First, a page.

TULSA - a proposal to require landlords to clean homes where methamphetamine labs operated before renting out the residences again would help keep renters safe, officials said.
The proposal by Sen. Roger Ballenger, D-Okmulgee, is the result of an interim study involving the Department of Environmental Quality and other experts in hazardous material remediation.
The study found that even after a meth lab has been dismantled, chemical residue on the walls and other surfaces could have long-term effects on people who later live there, said Bill Coye, owner of Apex Bioclean remediation company.
Under current state law, a person selling a house must inform the buyer if a meth lab was ever on the property. However, the state does not require landlords to clean a residence that previously housed a meth lab or tell renters that a lab had been located there.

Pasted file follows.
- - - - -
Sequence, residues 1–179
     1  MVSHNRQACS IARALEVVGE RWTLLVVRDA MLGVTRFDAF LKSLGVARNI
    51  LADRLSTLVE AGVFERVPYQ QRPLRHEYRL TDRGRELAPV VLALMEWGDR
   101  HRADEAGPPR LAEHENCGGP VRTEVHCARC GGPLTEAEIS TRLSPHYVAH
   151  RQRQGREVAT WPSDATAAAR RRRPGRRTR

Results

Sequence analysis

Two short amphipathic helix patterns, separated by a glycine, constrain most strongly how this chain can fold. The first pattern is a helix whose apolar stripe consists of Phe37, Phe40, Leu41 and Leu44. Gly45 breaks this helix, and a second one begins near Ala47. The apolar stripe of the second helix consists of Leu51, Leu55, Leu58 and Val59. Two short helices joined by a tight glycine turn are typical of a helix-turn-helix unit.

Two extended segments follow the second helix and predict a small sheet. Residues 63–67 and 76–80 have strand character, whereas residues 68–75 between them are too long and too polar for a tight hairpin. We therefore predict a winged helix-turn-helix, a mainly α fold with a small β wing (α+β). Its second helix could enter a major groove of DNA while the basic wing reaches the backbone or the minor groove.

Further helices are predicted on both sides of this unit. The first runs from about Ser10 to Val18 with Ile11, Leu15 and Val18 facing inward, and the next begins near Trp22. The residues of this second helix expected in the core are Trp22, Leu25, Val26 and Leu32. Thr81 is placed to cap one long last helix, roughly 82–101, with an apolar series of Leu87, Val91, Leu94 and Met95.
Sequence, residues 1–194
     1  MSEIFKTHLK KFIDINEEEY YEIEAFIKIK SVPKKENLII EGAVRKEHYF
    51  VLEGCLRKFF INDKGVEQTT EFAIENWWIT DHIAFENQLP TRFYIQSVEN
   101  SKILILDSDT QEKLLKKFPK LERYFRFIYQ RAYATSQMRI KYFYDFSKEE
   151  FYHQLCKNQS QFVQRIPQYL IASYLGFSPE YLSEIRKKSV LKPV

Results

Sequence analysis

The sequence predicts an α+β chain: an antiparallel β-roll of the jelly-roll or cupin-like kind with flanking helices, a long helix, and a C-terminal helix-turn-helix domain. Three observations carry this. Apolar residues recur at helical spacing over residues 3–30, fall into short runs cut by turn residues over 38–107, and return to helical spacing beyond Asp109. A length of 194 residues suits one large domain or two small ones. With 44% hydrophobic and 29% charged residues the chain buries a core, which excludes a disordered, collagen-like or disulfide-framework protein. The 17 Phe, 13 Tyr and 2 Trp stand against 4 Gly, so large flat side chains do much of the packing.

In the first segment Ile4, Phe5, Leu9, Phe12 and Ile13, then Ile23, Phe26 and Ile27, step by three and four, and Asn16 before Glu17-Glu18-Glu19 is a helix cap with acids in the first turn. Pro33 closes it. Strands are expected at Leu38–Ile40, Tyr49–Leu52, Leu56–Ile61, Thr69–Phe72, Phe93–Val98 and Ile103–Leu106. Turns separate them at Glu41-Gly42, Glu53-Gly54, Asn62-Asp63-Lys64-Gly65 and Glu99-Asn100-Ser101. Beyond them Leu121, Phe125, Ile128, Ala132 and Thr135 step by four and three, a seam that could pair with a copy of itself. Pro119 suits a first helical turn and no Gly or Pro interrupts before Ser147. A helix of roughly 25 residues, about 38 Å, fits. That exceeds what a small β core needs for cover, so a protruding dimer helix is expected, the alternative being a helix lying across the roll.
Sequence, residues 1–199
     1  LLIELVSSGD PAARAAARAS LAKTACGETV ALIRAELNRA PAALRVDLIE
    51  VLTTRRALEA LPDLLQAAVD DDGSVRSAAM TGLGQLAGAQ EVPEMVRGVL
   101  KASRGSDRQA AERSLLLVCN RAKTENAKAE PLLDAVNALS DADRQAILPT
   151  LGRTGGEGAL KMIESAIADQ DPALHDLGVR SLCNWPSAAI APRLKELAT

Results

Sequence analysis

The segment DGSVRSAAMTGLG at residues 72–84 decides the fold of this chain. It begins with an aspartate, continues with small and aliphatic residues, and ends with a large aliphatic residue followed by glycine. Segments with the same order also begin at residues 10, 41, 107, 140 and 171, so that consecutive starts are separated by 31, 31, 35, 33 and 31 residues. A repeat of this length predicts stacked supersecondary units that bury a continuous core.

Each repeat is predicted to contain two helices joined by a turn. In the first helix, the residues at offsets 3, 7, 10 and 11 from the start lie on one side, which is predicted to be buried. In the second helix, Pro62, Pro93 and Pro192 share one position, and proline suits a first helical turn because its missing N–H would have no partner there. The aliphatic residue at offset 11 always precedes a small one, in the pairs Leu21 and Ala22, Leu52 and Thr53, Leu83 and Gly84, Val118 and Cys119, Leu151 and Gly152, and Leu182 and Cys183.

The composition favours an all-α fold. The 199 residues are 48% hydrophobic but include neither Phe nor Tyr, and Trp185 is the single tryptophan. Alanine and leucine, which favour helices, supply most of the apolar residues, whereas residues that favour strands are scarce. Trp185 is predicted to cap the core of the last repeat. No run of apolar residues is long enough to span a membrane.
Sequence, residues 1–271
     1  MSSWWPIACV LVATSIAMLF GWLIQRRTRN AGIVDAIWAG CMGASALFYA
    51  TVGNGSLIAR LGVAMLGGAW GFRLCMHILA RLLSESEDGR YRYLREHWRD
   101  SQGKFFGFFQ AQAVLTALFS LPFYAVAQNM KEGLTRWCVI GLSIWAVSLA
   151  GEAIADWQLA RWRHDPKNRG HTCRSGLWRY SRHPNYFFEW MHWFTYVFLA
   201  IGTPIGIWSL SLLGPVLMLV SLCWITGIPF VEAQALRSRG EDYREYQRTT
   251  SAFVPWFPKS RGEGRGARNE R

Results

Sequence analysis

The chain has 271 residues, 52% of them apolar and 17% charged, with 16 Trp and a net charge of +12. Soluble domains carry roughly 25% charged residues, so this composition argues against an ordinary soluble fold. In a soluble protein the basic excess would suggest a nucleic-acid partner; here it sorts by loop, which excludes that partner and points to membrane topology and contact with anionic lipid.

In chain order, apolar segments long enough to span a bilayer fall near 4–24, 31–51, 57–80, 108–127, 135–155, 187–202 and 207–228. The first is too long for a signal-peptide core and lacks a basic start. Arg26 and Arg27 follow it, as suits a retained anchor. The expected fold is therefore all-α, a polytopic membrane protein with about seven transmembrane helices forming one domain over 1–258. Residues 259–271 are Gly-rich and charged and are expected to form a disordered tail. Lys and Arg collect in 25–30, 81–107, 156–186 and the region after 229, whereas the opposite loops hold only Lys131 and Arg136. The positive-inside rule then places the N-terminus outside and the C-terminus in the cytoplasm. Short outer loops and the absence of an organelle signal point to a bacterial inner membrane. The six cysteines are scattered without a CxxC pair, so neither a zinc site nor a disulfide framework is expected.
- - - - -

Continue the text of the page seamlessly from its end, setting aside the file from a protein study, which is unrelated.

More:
"If I want to rent you a house, not only do I not have to clean it, I don't even have to tell you about it," Coye said.
Not all the chemicals used in the production of meth disappear when police remove the lab. Toxic chemicals can stick to walls, appliances, ceilings, fans and almost any surface in a house, Coye said.
"This is a witch's brew deposited on the walls of houses," he said.
Little research has been done on the long-term, low-dose effects of chemicals used in meth labs, according to the National Alliance for Model State Drug Laws.
However, anecdotal evidence suggests that such exposure can lead to cancer as well as to kidney, liver and other health problems, according to local, state and federal agencies that deal with meth labs.
The residual chemicals, some of which are carcinogenic, don't affect the human body all at once, said Oklahoma Bureau of Narcotics spokesman Mark Woodward.